The third annual Lame Dame Reunion took place the fourth week in August, 2018 at Pamela’s sister’s lakeside cottage in Wayne, Maine.
The hike to the dock on the lake was tricky with steep, uneven paths and steps with no handrails. The weather was perfect the first day we were there so we wanted to sit on the dock. The walk down the hill started ambitiously. The paths were covered in wood chips that, while uneven, were relatively level. I think my friends are either braver than me, take more chances, or both. They were way ahead of me when I stopped on one especially dicey step in fear. Amelia turned around and asked me if I wanted help. It isn’t the blind leading the blind, but something similar. She started to walk back to help me, when suddenly and semmingly out of nowhere a man appeared on my left side to help me and Amelia down to the dock. It was Pamela’s father coming to check on us.
We spent a few hours chatting on the dock in sunny, warm weather. We had brought some snacks and drinks to hold us over until lunchtime. I took a lot of pictures of this rare gathering of friends. Pamela’s brother in law showed up just at the right time to help us walk back up the hill.
We met Pamela’s parents, brother-in-law, brother, boyfriend, and several friends. One morning, we lame dames “hiked” (limped) over to a neighbor who runs a cafe/bakery out of their home. Pamela’s parents joined us. The food was truly delicious and fresh. I had a fascinating conversation with Pamela’s father about how he came to be one of the original founders of the community college that I graduated from in 1983. The story went back to 1967.
Neither Amelia or I had ever seen where Pamela lives with her boyfriend in the remote woods of Monroe, Maine, more than an hour’s drive from Wayne where the rest of her family lives. Personally, I was a little surprised at the ruggedness of their home, but I’m sure it’s the love and care of the wonderful man she lives with that keeps her there. We were lucky to have dinner out at a harborside restaurant with Mark the night we made the trip to Monroe to see their home.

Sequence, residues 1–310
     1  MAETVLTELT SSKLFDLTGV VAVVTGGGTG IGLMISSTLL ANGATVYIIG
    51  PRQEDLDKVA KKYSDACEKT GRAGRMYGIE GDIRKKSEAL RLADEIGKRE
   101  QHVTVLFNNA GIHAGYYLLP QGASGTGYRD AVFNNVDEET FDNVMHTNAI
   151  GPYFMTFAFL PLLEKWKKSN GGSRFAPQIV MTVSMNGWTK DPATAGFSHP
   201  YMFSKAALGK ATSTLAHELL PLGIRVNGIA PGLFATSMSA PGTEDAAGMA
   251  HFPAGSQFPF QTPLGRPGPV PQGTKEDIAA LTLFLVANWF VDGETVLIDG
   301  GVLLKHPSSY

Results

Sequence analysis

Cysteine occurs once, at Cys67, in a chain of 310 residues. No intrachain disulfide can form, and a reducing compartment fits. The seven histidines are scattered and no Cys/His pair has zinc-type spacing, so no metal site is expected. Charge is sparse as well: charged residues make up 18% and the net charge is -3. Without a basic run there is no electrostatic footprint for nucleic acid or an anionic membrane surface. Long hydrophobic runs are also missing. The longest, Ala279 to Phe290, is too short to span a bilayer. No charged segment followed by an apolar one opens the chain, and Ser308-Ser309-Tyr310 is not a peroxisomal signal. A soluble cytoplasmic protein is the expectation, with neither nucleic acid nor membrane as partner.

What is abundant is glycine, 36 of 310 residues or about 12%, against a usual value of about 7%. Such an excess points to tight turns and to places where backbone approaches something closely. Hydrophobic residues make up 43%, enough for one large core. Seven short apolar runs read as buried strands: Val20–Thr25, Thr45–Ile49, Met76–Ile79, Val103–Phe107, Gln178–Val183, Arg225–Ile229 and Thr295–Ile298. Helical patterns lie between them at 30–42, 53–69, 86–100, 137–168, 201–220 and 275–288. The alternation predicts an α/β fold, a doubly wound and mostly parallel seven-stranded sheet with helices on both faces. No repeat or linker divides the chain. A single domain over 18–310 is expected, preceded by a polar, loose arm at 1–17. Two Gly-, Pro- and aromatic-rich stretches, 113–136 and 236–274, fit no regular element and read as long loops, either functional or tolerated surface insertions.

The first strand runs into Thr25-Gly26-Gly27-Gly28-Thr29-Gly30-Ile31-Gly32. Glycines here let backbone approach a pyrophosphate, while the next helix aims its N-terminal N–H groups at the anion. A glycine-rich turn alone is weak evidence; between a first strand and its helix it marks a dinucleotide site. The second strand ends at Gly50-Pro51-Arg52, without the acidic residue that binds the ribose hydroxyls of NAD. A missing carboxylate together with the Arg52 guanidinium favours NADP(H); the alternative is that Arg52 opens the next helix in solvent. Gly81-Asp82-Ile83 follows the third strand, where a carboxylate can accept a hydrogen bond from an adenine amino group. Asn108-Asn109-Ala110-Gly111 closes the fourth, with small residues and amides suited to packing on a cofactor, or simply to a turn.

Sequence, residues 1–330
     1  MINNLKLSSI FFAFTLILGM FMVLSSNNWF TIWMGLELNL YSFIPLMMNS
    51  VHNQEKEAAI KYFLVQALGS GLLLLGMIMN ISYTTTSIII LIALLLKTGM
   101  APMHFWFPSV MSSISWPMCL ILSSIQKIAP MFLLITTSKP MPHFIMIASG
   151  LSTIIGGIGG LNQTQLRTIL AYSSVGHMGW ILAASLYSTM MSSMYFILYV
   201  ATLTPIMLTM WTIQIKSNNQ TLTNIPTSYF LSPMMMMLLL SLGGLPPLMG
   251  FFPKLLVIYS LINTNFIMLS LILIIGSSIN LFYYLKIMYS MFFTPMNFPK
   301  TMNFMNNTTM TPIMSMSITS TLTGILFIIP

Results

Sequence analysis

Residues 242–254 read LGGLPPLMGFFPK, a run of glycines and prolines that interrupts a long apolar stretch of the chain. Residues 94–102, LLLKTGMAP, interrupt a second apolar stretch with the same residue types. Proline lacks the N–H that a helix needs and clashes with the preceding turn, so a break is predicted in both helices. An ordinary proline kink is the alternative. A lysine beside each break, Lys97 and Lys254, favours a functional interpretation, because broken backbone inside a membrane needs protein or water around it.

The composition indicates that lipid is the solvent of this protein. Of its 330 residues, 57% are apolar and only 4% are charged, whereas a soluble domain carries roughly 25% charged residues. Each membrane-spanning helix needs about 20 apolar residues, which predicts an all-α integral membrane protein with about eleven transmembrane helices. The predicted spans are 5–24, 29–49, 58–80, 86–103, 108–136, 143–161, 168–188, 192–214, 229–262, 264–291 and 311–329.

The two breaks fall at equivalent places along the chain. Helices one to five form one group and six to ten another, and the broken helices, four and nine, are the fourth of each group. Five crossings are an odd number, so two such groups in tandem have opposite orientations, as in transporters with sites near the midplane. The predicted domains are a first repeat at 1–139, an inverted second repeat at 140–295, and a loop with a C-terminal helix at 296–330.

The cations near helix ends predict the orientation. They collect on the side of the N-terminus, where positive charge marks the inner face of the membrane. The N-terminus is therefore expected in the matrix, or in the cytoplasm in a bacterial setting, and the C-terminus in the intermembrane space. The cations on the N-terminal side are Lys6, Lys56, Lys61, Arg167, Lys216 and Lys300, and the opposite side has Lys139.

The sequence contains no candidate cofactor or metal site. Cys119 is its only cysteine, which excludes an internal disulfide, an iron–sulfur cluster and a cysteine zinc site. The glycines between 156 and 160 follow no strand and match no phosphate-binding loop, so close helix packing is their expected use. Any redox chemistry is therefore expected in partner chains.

On our last night in Wayne, 6 of us piled into a 7 seat minivan to go out to dinner. Pamela’s parents are 84 years old, her brother is 6'7" tall, and the three of us are lame in our unique ways. There were several iterations and attempts to get everyone in the van with me being too short to climb up into the backseat, Pamela and Amelia trying to climb in on their weak sides unsuccessfully at first, and her brother being too tall to fit in the second row of seats. After several different arrangements and a lot of laughter, we all got in and on our way to a beautiful Italian restaurant.
I felt like part of the family with Pamela’s parents. Her mother told us a lot of stories about how she grew up. I ordered a pasta dish with fresh Maine lobster. We made sure we took plenty of photos of this special event, including some of just the three lame dames that will be framed and displayed near the others we framed from the first two lame dame reunions.
I can’t promise you will have an experience as rich as mine if you join a support group for whatever crisis you have been or are going through, but I would definitely recommend you give it a try and see what happens.
Thank you for reading. :)